- An eyewash test log shall be kept near the eyewash. Appendix A is a test log that can be used to document the weekly test. For portable units the duration of flushing will be dependent upon the specified maintenance criteria.
- Personal eyewash units shall be replaced upon expiration of the container.
- Safety showers shall be activated annually by Facilities Services to flush the line and verify proper operation. Documentation of this activity shall be documented on a tag attached to the shower.
- It is the department’s responsibility to ensure that emergency eyewash and safety shower equipment that does not pass inspection is repaired immediately by contacting Facilities
- Whenever an emergency eyewash or safety shower is non-functional, immediately contact Facilities Services to make repairs. Do not handle hazardous materials in that work-area until the unit is returned to proper service.
- Any party removing emergency eyewash or safety shower equipment from service, must notify the affected department beforehand.
- Individuals who may be exposed to hazardous materials shall be instructed in the location and proper use of emergency eyewash and safety shower equipment.
Portable Eyewash Stations
- Self-contained (portable) eyewash stations are used only as a temporary measure or in areas where it is not feasible to install a fixed eyewash station. The water in these units shall be changed as recommended by the manufacturer. The unit must be capable of delivering a minimum of 1.5 liters per minute (0.4 gpm) and that the flushing fluid covers the areas between the interior and exterior lines of the gauge at some point less than 20.3 cm (8 in.) above the eyewash nozzle(s)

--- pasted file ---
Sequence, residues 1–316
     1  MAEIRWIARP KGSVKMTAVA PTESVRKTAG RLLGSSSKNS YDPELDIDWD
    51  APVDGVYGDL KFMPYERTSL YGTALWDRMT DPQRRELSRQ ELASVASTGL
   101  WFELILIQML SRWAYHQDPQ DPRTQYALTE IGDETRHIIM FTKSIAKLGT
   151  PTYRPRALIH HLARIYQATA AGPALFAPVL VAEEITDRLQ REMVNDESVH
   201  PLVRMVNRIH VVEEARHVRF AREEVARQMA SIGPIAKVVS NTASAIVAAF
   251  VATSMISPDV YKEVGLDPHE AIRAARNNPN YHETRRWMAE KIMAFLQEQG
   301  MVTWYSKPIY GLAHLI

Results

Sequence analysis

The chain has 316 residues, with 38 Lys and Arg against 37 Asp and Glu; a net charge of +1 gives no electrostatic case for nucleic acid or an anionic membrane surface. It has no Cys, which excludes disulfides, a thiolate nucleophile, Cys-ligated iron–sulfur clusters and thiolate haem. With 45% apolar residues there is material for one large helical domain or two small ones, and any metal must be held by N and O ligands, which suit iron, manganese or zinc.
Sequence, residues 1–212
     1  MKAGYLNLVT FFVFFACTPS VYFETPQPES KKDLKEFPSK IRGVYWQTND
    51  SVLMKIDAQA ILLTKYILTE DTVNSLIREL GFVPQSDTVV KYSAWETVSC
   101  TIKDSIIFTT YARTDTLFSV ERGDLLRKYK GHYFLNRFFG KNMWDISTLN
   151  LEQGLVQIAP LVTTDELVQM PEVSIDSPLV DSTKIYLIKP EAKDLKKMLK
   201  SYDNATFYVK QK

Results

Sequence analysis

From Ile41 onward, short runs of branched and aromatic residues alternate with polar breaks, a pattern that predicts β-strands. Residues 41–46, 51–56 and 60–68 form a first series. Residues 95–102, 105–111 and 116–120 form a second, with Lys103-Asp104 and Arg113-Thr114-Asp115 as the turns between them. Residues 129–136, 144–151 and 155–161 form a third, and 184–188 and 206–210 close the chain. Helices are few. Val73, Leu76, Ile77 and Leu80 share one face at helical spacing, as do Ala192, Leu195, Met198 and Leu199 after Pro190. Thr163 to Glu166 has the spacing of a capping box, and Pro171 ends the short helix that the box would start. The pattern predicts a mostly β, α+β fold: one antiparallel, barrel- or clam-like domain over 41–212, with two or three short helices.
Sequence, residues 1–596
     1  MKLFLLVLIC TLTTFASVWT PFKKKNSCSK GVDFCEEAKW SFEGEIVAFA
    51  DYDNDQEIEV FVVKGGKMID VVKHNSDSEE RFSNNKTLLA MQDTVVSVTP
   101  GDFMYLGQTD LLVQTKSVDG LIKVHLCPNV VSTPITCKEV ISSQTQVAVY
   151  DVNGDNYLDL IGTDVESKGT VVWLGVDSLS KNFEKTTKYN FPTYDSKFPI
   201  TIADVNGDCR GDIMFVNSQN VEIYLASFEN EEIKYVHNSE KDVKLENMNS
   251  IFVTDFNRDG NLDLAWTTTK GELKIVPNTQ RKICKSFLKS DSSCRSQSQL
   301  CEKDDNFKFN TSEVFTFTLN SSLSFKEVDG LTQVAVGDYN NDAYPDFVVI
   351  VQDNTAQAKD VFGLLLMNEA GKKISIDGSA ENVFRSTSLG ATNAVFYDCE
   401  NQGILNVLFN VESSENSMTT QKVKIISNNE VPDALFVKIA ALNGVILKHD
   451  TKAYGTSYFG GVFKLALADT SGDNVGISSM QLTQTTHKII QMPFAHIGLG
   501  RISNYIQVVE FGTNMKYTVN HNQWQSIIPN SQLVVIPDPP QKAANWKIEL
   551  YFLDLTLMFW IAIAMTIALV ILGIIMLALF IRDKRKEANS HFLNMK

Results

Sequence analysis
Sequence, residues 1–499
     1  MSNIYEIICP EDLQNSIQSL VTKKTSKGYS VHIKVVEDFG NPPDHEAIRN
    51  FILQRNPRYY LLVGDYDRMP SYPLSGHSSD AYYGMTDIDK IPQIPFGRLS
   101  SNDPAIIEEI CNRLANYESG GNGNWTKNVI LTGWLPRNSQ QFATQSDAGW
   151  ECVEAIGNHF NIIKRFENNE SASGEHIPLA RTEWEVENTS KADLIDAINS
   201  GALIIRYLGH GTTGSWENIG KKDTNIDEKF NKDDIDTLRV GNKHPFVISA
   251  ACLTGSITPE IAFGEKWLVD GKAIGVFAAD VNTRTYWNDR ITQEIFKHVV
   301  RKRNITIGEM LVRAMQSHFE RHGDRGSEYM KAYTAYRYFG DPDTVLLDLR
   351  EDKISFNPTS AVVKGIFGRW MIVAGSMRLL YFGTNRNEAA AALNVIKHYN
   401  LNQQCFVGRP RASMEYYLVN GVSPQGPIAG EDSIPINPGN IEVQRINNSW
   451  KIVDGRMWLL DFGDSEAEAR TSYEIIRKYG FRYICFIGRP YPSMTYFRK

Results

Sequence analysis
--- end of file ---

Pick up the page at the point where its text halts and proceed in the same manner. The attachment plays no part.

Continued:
The recommended standard for equipment and installation of safety showers, eye/face and drench hoses is identified below in the References section.
Plumbed Safety Showers
- Heads shall be positioned no less than 82” from floor and no more than 96” from the floor and have a spray pattern with a minimum diameter of 20” at 60” above the floor.
- The flow rate shall be at least 20 gallons per minute (GPM) at a velocity low enough to be non-injurious to the user. The center of spray pattern shall be located at least 16” from any obstruction.